Deliberation didn’t take long for Darius Reynolds, a fifth-year senior defensive end at the University of Richmond. He could graduate in December with a degree in leadership studies, bid adieu to football and join the work force.
Or he could stay at UR an additional 12 months — the NCAA is allowing an extra year of eligibility in response to the pandemic that wiped out the fall season for almost all FCS programs — take graduate classes, and play in the spring and fall of 2021, presuming COVID-19 allows for competition.
Reynolds is among a half-dozen longstanding UR players who are eligible to return as sixth-year seniors, and to that list add a pair of graduate transfers, receiver Donaven Tennyson (Benedictine, Vanderbilt) and tight end John Fitzgerald (Cornell). All are scheduled to come back as sixth-year players in the spring and fall.
“We didn’t make a group decision, but I think as a group, we have the same mindset and we have the same goals,” said Reynolds, a 6-foot-2 248-pounder from Yorktown. “So we ultimately ended up making the same decision. We realized fairly quickly when we got the news that we wouldn’t be having a season (this fall) that we’re all on the same page, wanting to stay.”
Also among the fifth-year seniors who will return for a sixth year UR are quarterback Joe Mancuso, offensive linemen Tim Coleman, Seyoum Settepani and Tazle Sumper, and defensive lineman Colby Ritten. Mancuso, a running and passing threat, has made 13 starts over the last two seasons.
“I don’t think it was a difficult decision. We’re playing with the cards that we got dealt. To leave right now, we’ve got unfinished business. There’s something incomplete that we haven’t completed yet,” said Reynolds, who saw no rush to enter the job market, given its current condition.
The Spiders went 5-7 last season (4-4 CAA) and 4-7 in 2018 (2-6 CAA). The CAA has yet to announce a league scheduling format for the spring season, but a six-to-eight-game slate for each team seems likely, with six conference games. Richmond started practice Wednesday and will hold six workouts in helmets only before ramping up with 15 padded practices that begin on Oct. 11 and run through Nov. 13.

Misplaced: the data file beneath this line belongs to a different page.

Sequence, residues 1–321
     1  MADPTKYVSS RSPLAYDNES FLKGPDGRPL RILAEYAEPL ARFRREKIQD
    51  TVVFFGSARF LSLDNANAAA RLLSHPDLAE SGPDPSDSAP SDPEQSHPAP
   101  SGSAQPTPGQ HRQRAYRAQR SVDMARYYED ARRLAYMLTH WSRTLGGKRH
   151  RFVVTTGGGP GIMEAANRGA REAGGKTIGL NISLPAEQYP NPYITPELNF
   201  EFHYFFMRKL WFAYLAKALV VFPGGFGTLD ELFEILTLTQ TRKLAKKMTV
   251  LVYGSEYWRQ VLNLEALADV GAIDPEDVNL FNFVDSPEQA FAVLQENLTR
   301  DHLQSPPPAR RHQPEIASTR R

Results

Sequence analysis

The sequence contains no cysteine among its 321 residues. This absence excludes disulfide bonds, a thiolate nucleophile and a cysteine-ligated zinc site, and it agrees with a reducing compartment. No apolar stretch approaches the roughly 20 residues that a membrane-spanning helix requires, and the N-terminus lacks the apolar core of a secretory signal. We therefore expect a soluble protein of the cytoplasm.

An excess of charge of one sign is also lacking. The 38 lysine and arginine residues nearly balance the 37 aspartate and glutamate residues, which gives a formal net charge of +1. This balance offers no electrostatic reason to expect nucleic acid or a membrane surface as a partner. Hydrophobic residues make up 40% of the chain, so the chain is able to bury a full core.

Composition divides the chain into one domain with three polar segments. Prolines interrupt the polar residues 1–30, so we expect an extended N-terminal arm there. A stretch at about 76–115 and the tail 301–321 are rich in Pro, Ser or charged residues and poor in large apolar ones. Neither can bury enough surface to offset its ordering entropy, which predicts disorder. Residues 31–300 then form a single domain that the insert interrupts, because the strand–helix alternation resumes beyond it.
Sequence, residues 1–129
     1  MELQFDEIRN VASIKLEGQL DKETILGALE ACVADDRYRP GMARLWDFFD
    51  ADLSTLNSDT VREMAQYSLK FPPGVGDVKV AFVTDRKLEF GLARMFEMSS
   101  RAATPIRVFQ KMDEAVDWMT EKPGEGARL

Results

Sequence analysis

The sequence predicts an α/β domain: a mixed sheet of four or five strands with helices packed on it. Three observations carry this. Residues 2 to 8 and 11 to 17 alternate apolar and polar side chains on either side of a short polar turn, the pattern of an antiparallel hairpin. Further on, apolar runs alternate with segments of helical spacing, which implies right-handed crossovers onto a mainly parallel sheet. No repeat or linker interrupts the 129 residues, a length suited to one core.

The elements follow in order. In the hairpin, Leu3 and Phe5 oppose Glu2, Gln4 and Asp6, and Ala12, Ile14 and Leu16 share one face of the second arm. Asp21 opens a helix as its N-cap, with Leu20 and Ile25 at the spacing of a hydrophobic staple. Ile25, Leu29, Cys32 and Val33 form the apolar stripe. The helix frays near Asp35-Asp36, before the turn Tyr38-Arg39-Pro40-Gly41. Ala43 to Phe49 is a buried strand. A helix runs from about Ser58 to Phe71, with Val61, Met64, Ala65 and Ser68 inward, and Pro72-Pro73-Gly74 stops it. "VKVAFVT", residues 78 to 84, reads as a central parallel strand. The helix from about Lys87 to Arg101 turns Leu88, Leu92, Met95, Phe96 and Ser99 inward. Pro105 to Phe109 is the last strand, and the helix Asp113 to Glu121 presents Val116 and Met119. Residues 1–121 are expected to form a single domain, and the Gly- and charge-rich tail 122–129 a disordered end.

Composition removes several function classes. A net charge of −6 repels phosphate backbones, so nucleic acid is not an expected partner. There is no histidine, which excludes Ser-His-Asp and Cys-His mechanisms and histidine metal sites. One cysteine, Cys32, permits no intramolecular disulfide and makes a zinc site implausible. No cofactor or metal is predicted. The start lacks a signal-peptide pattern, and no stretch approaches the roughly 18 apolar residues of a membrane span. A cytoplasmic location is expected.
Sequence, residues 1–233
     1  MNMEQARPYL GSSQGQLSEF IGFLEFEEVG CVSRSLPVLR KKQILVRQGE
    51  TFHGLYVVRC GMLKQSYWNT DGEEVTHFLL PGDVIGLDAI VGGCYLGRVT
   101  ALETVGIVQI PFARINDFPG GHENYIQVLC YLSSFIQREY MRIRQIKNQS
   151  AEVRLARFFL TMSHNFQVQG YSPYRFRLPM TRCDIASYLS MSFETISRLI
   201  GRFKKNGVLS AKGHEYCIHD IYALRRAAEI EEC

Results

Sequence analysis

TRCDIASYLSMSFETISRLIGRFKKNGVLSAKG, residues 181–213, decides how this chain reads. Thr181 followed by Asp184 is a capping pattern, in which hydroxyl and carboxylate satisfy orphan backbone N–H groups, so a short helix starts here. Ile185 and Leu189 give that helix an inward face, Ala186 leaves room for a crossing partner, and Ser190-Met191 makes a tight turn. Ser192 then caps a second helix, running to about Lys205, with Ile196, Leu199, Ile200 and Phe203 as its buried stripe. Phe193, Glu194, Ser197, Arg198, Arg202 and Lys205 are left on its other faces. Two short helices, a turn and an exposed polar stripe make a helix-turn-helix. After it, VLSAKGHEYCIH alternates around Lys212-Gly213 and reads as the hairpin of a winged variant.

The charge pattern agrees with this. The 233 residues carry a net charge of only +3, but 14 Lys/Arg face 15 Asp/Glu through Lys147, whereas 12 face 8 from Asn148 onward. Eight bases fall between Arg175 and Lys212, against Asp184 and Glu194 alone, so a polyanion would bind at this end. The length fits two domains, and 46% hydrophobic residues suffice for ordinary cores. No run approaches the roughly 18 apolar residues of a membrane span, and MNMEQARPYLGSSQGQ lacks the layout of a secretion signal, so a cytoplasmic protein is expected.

“I’d say we’re pretty excited. We’re anxious. We’re restless,” said Reynolds. “The best thing for us is to focus on these next few weeks of, I guess we’ll call it ‘fall ball,’ and put some quality work in. Trust the coaches, and trust the CAA that they’ll make a decision that puts on the field and allows us to compete.”
The CAA could open in late February or early March, with regional play. The FCS spring playoffs, with a 16-team field rather than the usual 24, will start in mid-April and continue through mid-May. The FCS then intends to return to a normal 2021 calendar for the fall season.
“I think if we get everybody back, which it looks like we can … the ’21 (fall) season will be a season like none other here because we’re going to have the opportunity to have a roster probably like you should have in numbers,” said UR coach Russ Huesman. “We came into this fall with a roster of 86, and that’s the most we’ve had since we’ve been here (Huesman was hired before the 2017 season). We, in theory next year, with our incoming freshmen … we could get into the 90s for probably the first time ever at Richmond.
“We’ve got a great football team coming. We had a good team coming in this year. I felt so good about it, and where we were athletically at key positions.”